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Department of Architecture

Summer Camp Provides Peek into College Life, Professional Challenges

Christy Mihalenk contemplated her next step.

Earlier in the week, as part of the Penn State Architecture/Landscape Architecture Summer Camp, she watched The Peach Orchard, a Japanese short based on filmmaker Akira Kurosawa’s dream about a little boy who encounters the spirits of the peach trees that were cut down by his family.

In an exercise meant to show how inspiration begets creativity, her counselors—faculty and experienced Penn State students—asked her to channel her reaction to The Peach Orchard and other shorts into a collage.

Next, the students turned the collages into line drawings, and in the penultimate step of their studio project, they turned an element of those drawings into models. 

Then, in a move straight out of a reality show, the counselors dropped a surprise on them.  

They had to transform their models into an actual space, specifically a dorm room, church, theatre, petting zoo, cemetery, or garden.

Mihalenk, a 16-year-old from State College, was nearly finished designing her dorm room. Situated in the middle of a courtyard, it featured an overhang that could provide shade, as well as shelter from the rain. Mihalenk’s arms were stained with orange paint, which she used on the roof of the building to evoke the vibrant Japanese robes worn in the movie.

The end result just barely resembled the collage she started with a few days ago, proving a compelling lesson in surviving a professor or client who suddenly changes the rules of the game. “It was a curve ball,” she said of the project’s final challenge. “But those unexpected little hitches are what you have to get used to in work and life.”

For five days, Mihalenk and the other high school students in the Architecture/Landscape Architecture Summer Camp received a taste of what it feels like to be a student and a professional in the design field. The camp is held every July, coordinated by the Stuckeman School of Architecture and Landscape Architecture and Penn State Outreach. 

The camp kicked off with the first stage of the studio workshop, taught by Reggie Aviles, instructor of architecture; Sean Burkholder, assistant professor of landscape architecture; and Jodi La Coe, assistant professor of architecture. 

The week continued with opportunities to interact with students, alumni, and professionals, and learn the myriad paths taken by architects and landscape architects. A visit to the construction site for the Biobehavioral Health Building offered a glimpse into construction management; a stop at a local firm illustrated the roles that mechanical and lighting engineers play in landscape architecture. A highlight for many was a trip to Fallingwater, where students had a chance to study Frank Lloyd Wright’s historic building, and contemplate the ideas that shaped it.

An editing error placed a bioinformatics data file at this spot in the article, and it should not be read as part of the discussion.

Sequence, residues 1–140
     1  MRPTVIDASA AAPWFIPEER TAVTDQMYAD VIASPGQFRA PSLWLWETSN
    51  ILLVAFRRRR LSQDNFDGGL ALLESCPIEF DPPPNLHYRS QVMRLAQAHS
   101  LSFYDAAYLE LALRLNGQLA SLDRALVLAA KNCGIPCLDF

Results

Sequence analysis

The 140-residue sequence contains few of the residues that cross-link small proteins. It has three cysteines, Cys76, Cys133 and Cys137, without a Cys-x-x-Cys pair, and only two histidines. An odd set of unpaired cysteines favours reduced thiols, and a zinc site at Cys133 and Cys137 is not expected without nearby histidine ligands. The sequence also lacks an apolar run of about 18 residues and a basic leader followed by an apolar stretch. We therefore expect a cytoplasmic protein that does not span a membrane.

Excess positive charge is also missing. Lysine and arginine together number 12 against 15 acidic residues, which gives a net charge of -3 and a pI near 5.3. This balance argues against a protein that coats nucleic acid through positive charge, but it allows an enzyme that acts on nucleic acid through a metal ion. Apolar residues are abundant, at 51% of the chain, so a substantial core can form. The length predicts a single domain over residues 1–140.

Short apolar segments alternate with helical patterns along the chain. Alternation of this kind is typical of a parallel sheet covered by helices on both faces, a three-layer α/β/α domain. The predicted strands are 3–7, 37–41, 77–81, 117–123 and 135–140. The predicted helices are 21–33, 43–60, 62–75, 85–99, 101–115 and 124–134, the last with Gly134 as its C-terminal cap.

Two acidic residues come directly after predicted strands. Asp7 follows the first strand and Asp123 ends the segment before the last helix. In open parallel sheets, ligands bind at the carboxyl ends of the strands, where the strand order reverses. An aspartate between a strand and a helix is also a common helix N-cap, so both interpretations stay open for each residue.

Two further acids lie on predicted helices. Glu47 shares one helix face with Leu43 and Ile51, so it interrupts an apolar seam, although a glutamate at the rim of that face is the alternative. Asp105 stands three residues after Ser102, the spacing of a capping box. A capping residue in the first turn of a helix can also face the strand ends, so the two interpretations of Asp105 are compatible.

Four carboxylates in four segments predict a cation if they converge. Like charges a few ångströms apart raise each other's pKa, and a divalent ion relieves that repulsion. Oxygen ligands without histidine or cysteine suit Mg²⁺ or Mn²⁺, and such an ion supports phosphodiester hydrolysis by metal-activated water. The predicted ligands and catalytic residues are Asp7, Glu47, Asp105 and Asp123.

Garrett Craig-Lucas, a 17-year-old from Dalton, Pennsylvania, knew plenty about Penn State when he started camp. His father graduated from the University in 1983 with a bachelor’s degree in landscape architecture, and is currently practicing in the public sector. Yet Craig-Lucas said the camp gave him a better understanding of how he could turn his twin passions for the arts and environment into a career, in addition to giving him a peek at the life of a Penn State student.

One detail that he won’t soon forget: how students drag their sleeping bags into the studio and camp out overnight to finish their projects. “Penn State is an enormous campus,” he said, “but you get the best of both worlds: the larger campus life and the smaller family atmosphere in the Stuckeman Building.”

At the end of the week, the students presented their work in the Stuckeman Family Building’s first-floor jury space, a ritual that’s played out countless times throughout the academic year by actual students in Penn State’s Architecture and Landscape Architecture programs. The students started with the collages: personal expressions of the movies and their lives. One student made a tree trunk from a clock tower, symbolizing the passage of time; another drew on his knowledge of origami to portray rose petals as jagged edges. The counselors reacted to the collages and critiqued the models, explaining how a skylight could be used in a bathroom or why a mistake could teach you more than a lesson plan.

Camp ended with a barbeque lunch, and some final thoughts from Stuckeman School faculty, who addressed the high school students and their parents. In just a few weeks, the students would be back in their high school classrooms. But college and the professional world were right around the corner. 

“A couple of days here,” said Scott Wing, interim head of the Department of Architecture, “might change the career choices they make later in life.”  --story by Michele Marchetti, photos by Fred Weber